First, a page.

Another, more immediate, key problem is educator retention. Vacancies are consistently opening and SFUSD is struggling to find replacements, leading district staff to recommend considering using $25 million in Prop. G funds for one-time incentives for educators. That would leave $25 million to help balance the upcoming year’s budget using the Prop. G windfall.

“This is a year like no other,” said Superintendent Vincent Matthews at the meeting. “We still have people during the week — three, five, seven people will resign. We’re not able to fill those holes. It’s causing wear and tear on staff and, to be honest with you, taking morale down. We’re looking at the ways we could possibly do everything we can to keep people from leaving and try to boost morale.”

To United Educators of San Francisco President Cassondra Curiel, the proposed $25 million is a fraction of the amount that’s needed to make a difference in retaining teachers. She said determining the full use of Prop. G funds, which was intended for educator pay, should first be negotiated.

The issue of how much money to devote to future health care benefits and pensions “is raising a lot of eyebrows,” Curiel said. “We’re now having a discussion around having more money put into an additional savings account of theirs which is supposed to be, in theory, and hopefully in practice, for educators who retire in the future. But we have educators right now who can’t pay rent, who are leaving the profession.”

“From my perspective, recognizing and compensating our educators is paramount to supporting our young people with their learning,” said school board member Jenny Lam.

Curiel also strongly agrees that one-time funds should not be used to plug the ongoing deficit.

This puts the district, the union and at least some board members in relative agreement to minimize use of Prop. G funds in balancing the budget. To do so, the current proposal is $50 million would come from schools sites, $10 million from direct services like programming, $14.1 million in indirect services from central office, $12.4 million in operations and $3.5 million in administrative costs. One-time sources totaling $35 million would balance the rest of the deficit for the upcoming school year.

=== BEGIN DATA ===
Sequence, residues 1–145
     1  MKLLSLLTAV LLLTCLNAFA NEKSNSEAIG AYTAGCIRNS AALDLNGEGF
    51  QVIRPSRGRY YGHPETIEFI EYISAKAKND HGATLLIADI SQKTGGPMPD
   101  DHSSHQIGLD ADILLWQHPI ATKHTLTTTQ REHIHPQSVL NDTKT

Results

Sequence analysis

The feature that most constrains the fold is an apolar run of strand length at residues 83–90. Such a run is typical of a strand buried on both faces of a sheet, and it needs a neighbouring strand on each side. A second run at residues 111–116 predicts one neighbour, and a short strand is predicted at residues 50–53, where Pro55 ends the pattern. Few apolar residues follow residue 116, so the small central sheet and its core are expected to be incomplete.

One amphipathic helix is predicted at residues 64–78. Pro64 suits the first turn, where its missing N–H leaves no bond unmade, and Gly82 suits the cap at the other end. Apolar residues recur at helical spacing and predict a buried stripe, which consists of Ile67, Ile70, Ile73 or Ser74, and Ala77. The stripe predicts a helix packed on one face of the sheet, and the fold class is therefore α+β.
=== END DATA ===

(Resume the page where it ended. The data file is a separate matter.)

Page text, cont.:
Enrollment declines statewide also have school districts looking to alter the state’s school funding formula, which is based on the number of students enrolled and attendance. Gov. Gavin Newsom will introduce his proposed budget in January, which may contain measures that could improve the long-term outlook for SFUSD. But the district must make changes based on current reality.

“If we use some of the Prop. G funds to cover the deficit in the next two years, it’s just creating this cliff again in the third year and that just feels like putting off the hard decisions,” said school board member Matt Alexander. “It just concerns me to use these one-time funds to deal with a structural deficit.”

The state-appointed fiscal expert, Elliot Duchon, will outline recommendations at Tuesday’s school board meeting. Alexander and school board member Mark Sanchez will also propose an alternative budget proposal at Tuesday’s meeting, one that seeks to prevent or greatly reduce cuts to school sites.